Windows 8, Tablet vs. Laptop vs. Both
April 1, 2012
By Scott Lewis
This month I tell you about my experiences with Microsoft's Windows 8 Customer Preview. It will not be a review, but a look at it with the hope of using my Bamboo Pen & Touch tablet to control the Metro interface. Next up I think about whether I would be better off with a laptop and a tablet... or a laptop that converts to a tablet.
I downloaded the ISO version of Windows 8. This allows you to burn the install to a DVD disc. I did that from my main computer, so that I could install it on my guinea pig PC.
With a bootable DVD in hand I started up the Guinea Pig.
I went into the BIOS BIOS to set the machine to boot from the hard drive that had Linux installed on it. I figured I could just wipe out Linux. I did not want to mess with the Windows XP or Mac OSX installs. See there are three hard drives in that computer that each boot to the different operating systems.
Or so I thought...
I changed the boot priority to the drive that was different (tow of
the drives are identical... and I assumed those has Win XP and OSX on
When the machine boot from the DVD and the install began, it offered Upgrade (yikes!) or Custom. Since I was not booting from my Win XP drive the option to upgrade was unsettling. Regardless, I choose Custom Install. When I went to select a drive I saw 4 drives listed... not 3. Huh? I was pretty sure I had three drives in there, one with Windows XP, one with OS X and another with Linux. And the partition information was all over the map. I was confused.
So I opened the case and lo and behold... there was 4th drive. I have 3 SATA drives and 1 IDE drive. None were labeled so I took this time to label the drives in the machine... with a Sharpie. And then I wrote down the BIOS description of each drive and what was loaded on it.
I had to unplug all the drives but one and boot each... one at a time... but I got it all done. In the end... I left all the SATA drives unplugged and booted to the Windows 8 DVD while the 320 GB IDE drive was the only drive plugged it.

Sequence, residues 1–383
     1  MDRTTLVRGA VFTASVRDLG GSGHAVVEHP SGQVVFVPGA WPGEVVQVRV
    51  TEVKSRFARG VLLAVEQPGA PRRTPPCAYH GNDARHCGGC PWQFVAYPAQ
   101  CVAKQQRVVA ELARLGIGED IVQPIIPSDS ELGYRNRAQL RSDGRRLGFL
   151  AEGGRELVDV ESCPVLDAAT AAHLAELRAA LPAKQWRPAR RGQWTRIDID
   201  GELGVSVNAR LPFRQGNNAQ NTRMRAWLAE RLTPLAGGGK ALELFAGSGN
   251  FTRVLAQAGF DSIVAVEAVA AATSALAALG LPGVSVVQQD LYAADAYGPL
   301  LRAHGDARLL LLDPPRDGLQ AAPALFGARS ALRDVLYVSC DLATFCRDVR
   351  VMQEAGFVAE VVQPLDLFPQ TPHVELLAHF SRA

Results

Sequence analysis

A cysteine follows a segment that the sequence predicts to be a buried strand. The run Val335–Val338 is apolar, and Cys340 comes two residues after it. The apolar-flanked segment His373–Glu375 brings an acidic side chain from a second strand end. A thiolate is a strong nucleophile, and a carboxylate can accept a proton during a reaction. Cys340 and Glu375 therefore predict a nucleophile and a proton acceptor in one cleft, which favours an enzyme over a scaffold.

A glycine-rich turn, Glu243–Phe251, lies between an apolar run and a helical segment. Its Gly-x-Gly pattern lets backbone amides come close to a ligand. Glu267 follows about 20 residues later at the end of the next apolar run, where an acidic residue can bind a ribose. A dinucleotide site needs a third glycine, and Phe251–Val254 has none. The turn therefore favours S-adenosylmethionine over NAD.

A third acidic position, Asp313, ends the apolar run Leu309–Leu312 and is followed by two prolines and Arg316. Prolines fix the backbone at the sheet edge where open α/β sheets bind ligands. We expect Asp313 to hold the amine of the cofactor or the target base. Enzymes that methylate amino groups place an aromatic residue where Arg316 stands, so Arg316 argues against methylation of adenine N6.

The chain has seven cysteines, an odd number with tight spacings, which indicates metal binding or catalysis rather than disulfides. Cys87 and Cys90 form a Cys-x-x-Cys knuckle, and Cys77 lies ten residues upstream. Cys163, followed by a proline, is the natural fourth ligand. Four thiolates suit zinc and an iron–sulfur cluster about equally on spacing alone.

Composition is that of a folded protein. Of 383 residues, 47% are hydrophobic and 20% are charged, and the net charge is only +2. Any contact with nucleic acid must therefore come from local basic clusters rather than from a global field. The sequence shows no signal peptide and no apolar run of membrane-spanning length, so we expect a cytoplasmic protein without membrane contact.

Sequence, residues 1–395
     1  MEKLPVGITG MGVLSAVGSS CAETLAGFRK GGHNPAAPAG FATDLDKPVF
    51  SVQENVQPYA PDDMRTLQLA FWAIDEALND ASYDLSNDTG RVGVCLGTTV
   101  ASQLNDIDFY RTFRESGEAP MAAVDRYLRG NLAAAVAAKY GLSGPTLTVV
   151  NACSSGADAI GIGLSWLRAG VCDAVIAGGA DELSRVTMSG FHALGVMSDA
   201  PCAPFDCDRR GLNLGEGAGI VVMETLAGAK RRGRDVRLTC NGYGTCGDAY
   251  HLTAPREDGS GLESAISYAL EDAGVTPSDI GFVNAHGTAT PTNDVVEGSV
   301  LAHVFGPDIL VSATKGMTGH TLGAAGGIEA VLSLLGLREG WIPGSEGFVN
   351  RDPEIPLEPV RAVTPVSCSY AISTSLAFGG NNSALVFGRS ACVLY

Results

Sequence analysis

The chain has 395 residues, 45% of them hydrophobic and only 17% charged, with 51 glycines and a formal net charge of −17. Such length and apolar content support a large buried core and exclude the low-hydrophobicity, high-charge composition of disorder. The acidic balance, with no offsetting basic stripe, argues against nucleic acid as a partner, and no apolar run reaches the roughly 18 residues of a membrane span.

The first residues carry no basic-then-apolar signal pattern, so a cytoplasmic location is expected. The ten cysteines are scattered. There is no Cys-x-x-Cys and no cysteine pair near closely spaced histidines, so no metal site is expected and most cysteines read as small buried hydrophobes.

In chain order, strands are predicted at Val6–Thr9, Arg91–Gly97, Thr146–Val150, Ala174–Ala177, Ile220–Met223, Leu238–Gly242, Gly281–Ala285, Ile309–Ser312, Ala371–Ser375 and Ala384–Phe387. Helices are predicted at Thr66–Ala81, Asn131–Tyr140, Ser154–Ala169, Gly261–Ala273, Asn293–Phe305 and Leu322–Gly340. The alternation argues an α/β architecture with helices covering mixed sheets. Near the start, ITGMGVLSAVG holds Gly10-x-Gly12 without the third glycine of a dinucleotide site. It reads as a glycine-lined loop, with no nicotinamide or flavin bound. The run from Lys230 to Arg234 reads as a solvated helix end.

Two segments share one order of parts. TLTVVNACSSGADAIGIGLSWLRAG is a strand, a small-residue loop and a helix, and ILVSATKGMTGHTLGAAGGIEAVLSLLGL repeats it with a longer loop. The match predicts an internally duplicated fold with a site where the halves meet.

The Windows 8 installer super simple. The hardest part being entering the product key. In fact, that is all there was... well that and selecting the drive.
When the computer first boot up it recognized my Bamboo Pen & Touch as a touch pad... but it would not recognize tapping for clicks. I could move the pointer around, but that was it. I still had to use my mouse to click the buttons.
After rebooting the Bamboo would still work the same way... I could move the pointer around but not click (tap, touch, whatever). However, I did discover at this point that 2 of the 4 physical buttons on the Bamboo represented click and right-click.
At this point I went to Wacom's web site and downloaded and installed the drivers for the Pen & Touch (yes... the drivers for Windows 7). Poof... the touch works great... with two huge caveats. 1) It can only recognize up to two fingers, so gestures that require more are out. Two finger scrolling worked beautifully, and pinch to zoom worked equally as well if a bit slow. It took a lot of repeat pinch, pinch, pinch to get a significant amount of zooming. 2) Touch gestures for Windows 8 Metro interface did not work. It saw the Bamboo Pen & Touch for what it is... a mouse pad. Windows 8 was not fooled into thinking I was touching the actual screen.
What about Windows 8 itself. I see a little room for improvement on the Desktop side. It takes way too many clicks or whatever to get to a point to shut down the PC. I assume they will iron this out. Other than that it worked extremely well. In Desktop mode it feels like Windows 7 except maybe a little cleaner and less flashy. This is probably a good thing to aid performance on lighter hardware.
I could still use the Metro interface, but it is not fun when you are not directly manipulating objects on the screen by touching them. You are just using the touch pad like on any old laptop.
I can see
the potential. I can see how this will work just from the experience of
using my phone with its touch interface. I can see spending 10-15